Quickly upgrade Django from 1.2.3 to 1.4.5

As a Django/Python developer or maintainer, you may need at some point to upgrade one of your legacy applications or tools to a more recent or complete version of the framework. This was our case, as one of our stacks was written in Python2.6 and leveraged on Django 1.2.3. We required (1) a smooth migration and (2) provide backwards compatibility with 1.2. While the ideal scenario at this point in time was to directly upgrading to Django 1.6, migration was too cumbersome: e.g., it is mandatory to change paths for many generic views and not every functionality seems to be there (e.g. the get_model_and_form_class method from the create_update view). As a Django/Python developer or maintainer, you may need at some point to upgrade one of your legacy applications or tools to a more recent or complete version of the framework. This was our case, as one of our stacks was written in Python2.6 and leveraged on Django 1.2.3. We required (1) a smooth migration and (2) provide backwards compatibility with 1.2. While the ideal scenario at this point in time was to directly upgrading to Django 1.6, migration was too cumbersome: e.g., it is mandatory to change paths for many generic views and not every functionality seems to be there (e.g. the get_model_and_form_class method from the create_update view).

Note that these generic views are already introduce in 1.4, but its use is not enforced. Similarly, there are many other modifications (see Django 1.4 release notes) that are introduced in this version but its use is not enforced.

Below you will find a short guide in order perform a quick migration. Note that this is limited to a specific scope, and may be just a subset of required modifications needed for your app to work. If you have enough time to experiment, my advice is that you investigate the differences across versions and attempt to migrate to the latest stable versions. This way you’ll pave the road for further upgrades.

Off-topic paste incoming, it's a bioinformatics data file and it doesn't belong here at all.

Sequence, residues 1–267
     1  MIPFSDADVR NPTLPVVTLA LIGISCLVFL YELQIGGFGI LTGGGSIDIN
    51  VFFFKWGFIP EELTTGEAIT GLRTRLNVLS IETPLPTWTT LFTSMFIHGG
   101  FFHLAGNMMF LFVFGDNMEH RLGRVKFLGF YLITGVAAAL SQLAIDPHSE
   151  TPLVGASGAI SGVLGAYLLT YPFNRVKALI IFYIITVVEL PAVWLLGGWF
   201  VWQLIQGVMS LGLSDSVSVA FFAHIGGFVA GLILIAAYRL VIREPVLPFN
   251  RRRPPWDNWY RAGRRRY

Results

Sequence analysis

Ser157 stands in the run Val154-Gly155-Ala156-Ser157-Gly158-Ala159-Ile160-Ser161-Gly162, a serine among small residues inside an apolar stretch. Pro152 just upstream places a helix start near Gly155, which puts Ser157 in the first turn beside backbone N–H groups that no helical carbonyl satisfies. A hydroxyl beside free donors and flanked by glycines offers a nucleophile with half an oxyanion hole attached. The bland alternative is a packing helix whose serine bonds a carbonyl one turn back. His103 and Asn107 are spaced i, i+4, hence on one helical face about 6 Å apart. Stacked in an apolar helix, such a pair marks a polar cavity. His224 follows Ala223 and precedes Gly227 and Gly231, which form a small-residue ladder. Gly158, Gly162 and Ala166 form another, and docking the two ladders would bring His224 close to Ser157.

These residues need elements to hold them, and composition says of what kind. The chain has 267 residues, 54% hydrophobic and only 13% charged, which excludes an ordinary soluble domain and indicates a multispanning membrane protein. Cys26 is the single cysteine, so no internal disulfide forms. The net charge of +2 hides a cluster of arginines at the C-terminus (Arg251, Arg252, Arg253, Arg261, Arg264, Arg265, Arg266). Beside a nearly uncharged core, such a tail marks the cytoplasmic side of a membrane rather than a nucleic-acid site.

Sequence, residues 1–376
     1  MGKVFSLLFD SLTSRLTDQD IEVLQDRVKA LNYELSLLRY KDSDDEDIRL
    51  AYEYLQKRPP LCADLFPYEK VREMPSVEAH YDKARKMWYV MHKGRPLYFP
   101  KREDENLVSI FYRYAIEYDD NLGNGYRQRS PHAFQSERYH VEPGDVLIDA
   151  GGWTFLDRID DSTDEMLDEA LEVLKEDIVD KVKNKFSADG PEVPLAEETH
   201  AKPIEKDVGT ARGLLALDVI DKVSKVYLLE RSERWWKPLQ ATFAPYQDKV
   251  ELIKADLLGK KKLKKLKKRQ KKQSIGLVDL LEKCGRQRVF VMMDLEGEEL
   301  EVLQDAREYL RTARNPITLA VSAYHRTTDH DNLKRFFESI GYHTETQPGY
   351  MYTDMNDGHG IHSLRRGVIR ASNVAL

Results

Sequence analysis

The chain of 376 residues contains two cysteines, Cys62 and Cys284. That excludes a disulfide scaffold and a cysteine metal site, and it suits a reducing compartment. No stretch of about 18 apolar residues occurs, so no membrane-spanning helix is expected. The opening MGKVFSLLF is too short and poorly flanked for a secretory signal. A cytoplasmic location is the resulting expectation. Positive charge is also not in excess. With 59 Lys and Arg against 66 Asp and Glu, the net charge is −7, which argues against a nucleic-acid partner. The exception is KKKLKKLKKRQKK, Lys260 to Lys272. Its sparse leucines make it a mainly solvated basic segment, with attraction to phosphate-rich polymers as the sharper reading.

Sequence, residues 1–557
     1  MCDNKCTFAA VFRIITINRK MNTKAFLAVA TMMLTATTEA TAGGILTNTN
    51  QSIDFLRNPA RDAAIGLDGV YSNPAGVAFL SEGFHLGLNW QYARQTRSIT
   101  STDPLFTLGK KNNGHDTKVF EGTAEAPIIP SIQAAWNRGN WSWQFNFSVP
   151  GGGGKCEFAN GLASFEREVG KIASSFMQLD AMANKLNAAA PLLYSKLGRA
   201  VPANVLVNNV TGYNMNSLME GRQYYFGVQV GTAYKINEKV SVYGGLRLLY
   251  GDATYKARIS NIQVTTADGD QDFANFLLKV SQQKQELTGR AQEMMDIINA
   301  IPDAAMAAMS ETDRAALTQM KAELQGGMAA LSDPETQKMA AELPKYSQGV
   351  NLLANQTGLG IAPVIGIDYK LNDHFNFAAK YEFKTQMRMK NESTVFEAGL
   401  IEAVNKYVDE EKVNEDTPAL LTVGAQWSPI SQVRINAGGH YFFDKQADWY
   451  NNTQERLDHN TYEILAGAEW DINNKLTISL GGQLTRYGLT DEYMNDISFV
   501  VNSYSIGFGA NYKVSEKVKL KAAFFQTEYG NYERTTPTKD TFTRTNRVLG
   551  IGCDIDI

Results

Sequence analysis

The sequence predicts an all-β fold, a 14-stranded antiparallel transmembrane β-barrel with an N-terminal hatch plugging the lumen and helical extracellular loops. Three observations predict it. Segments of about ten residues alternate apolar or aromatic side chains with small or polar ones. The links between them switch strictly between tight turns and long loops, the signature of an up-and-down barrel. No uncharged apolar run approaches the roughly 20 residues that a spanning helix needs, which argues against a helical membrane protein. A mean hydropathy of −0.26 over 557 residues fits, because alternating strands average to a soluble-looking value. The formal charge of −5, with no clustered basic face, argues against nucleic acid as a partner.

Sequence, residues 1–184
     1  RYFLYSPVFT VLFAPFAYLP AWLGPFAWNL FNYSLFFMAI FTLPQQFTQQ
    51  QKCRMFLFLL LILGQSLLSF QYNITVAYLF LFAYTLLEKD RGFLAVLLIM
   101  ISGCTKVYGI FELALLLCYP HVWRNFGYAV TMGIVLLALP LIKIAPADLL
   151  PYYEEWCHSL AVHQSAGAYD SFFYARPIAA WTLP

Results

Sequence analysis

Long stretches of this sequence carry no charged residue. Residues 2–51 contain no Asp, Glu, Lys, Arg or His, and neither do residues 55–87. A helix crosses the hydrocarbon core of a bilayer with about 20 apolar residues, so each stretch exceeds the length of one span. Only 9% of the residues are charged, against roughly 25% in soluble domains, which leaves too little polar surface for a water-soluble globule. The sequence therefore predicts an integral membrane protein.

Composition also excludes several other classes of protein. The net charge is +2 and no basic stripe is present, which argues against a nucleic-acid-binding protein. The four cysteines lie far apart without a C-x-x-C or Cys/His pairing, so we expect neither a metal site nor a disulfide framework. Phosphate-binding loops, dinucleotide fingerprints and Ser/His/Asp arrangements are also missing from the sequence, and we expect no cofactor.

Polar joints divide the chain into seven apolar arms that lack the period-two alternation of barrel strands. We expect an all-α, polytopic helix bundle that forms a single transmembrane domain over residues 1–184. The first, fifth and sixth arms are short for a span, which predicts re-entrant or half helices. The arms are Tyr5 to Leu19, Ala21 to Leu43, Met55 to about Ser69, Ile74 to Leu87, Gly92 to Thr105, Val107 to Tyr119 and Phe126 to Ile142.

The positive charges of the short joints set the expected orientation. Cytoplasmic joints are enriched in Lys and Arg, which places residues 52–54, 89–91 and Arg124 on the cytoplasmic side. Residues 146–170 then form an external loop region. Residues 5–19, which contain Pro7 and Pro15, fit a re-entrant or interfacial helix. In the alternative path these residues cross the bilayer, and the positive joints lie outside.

New settings

DATABASES structure

In our case, we provide settings files to be modified by the user. The DATABASES structure should be added into your app’s static settings, far away from any potential modification from the user’s side. In any case, the user is not interested in this structure, right?

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DATABASES = {
    'default': {
        'ENGINE': "django.db.backends.%s" % DATABASE_ENGINE,
        'NAME': DATABASE_NAME,
        'USER': DATABASE_USER,
        'PASSWORD': DATABASE_PASSWORD,
        'HOST': DATABASE_HOST,
    }
}

Updated settings

TEMPLATE_LOADERS

Both the package and module name for the template loaders is changed in Django 1.4.5.

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TEMPLATE_LOADERS = (
    'django.template.loaders.filesystem.load_template_source',
    'django.template.loaders.app_directories.load_template_source',
)
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TEMPLATE_LOADERS = [
        ('django.template.loaders.cached.Loader',(
            'django.template.loaders.filesystem.Loader',
            'django.template.loaders.app_directories.Loader',
            )),
]

Updated fields

XMLField

This field, once present in Django 1.2.3, is no longer supported. It must be changed to a TextField to work under Django 1.4.5. This field already existed under Django, therefore this change shall not affect your app, whether it runs under 1.2.3 or 1.4.5.

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from django.db import models
rspec = models.XMLField("DataModel", editable=False,)
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from django.db import models
rspec = models.TextField("DataModel", editable=False,)